What to do when your tenants don’t pay

What to do when your tenants don’t pay

We are in a time full of uncertainty as a lot of people are not able to work due to the Covid-19 virus and the social distancing rules we must engage in. Many renters face financial challenges of pandemic-related business shutdowns, furloughs, layoffs, and stay-at-home orders. As a landlord, many of these affected workers are renting from you. 

What do you do when they don’t pay? You can’t just be nice and don’t make anyone pay rent unless the government changes something. 

Landlords are people just like you and me — they have rental property and try to manage them while also working a job or running a business. Landlords won’t be able to pay the bills on the property long-term if they don’t receive rent from tenants. So, they need to come up with a strategy for dealing with late or missing payment. 

When rent suddenly stops to come in, you as the landlord might feel nervous and that’s normal, but don’t panic. Work something out. 

Before jumping to drastic measures, it helps when landlords try easier and more amicable resolutions.  Try the following suggestions on how you can mitigate the financial impact of tenant defaults during such a crisis. 

Terminations and Evictions Is Not the Solution

Under normal circumstances you have the option to terminate or evict the tenant — you serve him or her with either pay rent or quit notice, or unconditional quit notice, dependent on the applicable laws. However, this is not the solution due to health and safety concerns due to the Covid-19. 

Many states, cities, counties, and courts have placed moratoriums on evictions. Some have placed a ban on any and all activity that relates to evictions, while others simply postpone hearings on evictions until the court can arrange a hearing via telephone or video. 

You might still be able to file eviction papers with the courts, but your case may not be heard for a while. On the other hand, if you evict tenants who are not able to pay due to the pandemic crisis you will appear as a ruthless landlord who terminated tenants in the middle of stay-at-home order. 

Also, you will have to disinfect, advertise the rental, screen new prospective tenants — which they are few, and sign again to have new tenants move in. It will be hectic to abide by these emergency guidelines, and health and safety measures.

Instead, opt for the following measures:

Document Communication in Writing

Even the best tenants are likely to experience periods of financial difficulty in this crisis. Your tenant should reach out to you and explain what the cause is for not paying rent. Also, make an attempt to reach out to your tenant. 

The communication between the two of you is the key and should be written down every time it happens. When you get everything written down, you not only hold your tenant accountable, but it will also help as an important legal record should an eviction case be necessary. 

When you document your communication with the tenant, it also gives you a clue to the answers for the following questions:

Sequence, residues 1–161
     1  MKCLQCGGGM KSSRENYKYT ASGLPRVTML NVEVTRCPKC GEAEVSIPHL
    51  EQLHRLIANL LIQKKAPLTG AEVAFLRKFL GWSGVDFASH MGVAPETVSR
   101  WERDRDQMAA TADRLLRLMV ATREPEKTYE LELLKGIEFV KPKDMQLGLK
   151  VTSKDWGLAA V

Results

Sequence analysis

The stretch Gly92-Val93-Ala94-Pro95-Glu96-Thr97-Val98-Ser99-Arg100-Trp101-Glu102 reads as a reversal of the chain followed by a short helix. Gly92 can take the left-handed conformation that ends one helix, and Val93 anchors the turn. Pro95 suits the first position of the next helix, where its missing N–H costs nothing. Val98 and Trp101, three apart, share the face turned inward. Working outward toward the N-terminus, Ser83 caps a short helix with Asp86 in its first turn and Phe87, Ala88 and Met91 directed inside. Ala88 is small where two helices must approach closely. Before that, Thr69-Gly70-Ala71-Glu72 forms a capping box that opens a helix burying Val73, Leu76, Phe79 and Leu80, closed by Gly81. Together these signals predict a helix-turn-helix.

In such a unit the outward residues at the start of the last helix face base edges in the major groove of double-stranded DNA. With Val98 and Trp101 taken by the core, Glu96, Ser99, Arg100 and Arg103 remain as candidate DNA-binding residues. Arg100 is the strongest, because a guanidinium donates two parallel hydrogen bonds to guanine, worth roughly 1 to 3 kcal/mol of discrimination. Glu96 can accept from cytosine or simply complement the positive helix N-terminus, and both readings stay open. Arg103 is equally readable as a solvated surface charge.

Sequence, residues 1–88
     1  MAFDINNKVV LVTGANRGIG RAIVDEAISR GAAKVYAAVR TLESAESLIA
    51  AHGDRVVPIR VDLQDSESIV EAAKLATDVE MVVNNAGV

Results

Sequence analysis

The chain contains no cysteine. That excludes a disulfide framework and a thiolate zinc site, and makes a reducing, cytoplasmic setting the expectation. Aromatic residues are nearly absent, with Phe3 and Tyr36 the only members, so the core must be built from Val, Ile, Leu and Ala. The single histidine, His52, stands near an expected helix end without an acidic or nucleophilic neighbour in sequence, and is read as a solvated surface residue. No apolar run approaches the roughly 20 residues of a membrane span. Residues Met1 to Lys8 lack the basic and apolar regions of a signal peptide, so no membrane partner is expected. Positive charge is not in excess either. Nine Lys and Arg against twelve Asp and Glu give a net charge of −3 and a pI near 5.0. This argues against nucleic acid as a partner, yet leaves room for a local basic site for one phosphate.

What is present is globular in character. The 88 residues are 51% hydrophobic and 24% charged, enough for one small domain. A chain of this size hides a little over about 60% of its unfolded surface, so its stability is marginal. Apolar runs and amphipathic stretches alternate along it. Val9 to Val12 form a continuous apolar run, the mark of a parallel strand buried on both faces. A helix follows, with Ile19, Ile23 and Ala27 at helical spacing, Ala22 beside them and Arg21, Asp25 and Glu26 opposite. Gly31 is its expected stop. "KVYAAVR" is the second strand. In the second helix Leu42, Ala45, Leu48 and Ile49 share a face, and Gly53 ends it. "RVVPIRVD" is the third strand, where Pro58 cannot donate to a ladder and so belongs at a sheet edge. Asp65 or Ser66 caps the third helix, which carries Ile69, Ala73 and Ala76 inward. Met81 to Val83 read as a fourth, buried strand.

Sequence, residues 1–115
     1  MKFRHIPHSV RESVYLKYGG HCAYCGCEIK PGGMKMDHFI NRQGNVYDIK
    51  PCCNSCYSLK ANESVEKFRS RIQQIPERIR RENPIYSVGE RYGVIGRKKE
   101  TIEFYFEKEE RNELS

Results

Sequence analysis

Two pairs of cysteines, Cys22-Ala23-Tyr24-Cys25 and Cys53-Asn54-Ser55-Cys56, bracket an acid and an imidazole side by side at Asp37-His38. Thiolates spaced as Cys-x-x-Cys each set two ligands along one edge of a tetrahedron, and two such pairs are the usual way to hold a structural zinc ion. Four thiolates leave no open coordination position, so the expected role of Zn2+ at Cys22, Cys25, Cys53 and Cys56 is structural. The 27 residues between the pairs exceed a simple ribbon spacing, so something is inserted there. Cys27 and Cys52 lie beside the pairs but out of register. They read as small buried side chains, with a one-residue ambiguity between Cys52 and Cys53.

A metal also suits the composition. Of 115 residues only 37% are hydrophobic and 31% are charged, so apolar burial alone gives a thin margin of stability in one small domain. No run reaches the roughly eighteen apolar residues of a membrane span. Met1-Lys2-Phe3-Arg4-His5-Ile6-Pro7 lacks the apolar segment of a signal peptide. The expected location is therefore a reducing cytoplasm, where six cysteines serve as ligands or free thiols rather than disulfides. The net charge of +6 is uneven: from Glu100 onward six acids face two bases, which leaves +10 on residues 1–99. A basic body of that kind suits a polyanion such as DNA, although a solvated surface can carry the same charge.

• Are your tenant’s finance difficulties temporal?
  • Does the tenant understand how serious the situation is?
  • Does the tenant payment history indicate he or she paid rent on time?

Those questions will help you know about what’s to come so you are prepared. If the answers to all of those questions are NO, that’s a big indicator its best to evict your tenant and replace him or her with a better tenant. 

Mitigate Your Own Financial Situation

Take stock of what could happen in a worst-case scenario. You may have considered a situation where tenants don’t pay rent on time. But this is a different situation (the Covid-19 crisis) — what will happen if your tenants don’t pay for a long time, and your options to find new tenants are slim?

Assess how this worst-case scenario will affect your ability to pay your mortgage and other bills on your property. This will inform you how to best respond when your tenants don’t pay for a long time.

  • Your financial situation looks grim

If your ability to pay bills on your property hinges on a month-to-month rental income, you need to take action to prevent your own default. You should contact your lender and actively engage with tenants for arrangements that allow them to make at least partial payments.

  • You have a few months reserve

Will your company and personal reserves won’t feel too much of a pinch if tenants aren’t able to pay for a while? If you have tenants whose history of payment has been good and simply find it hard to pay because of the current situation, find ways to take some pressure off them. 

Work Out a Temporary Solution with Tenants

How desperately do you need to receive income from your rental? Work out a temporal agreement with tenants. The following arrangements are possible:

  • Postpone rent

Offer to postpone payment for a while, with an agreement that it will be repaid.  The repayment arrangement could state that the rent owed would be spread out over time, paid all at once, or paid with (if) a stimulus check.

  • Reduce rent

You can reduce rent temporarily that enables you to meet your bills, but forgoes for the time being.

If you decide to evict a renter, rules vary by jurisdiction, but in most cases — due to the pandemic crisis, you may have to wait through a lengthy court process.

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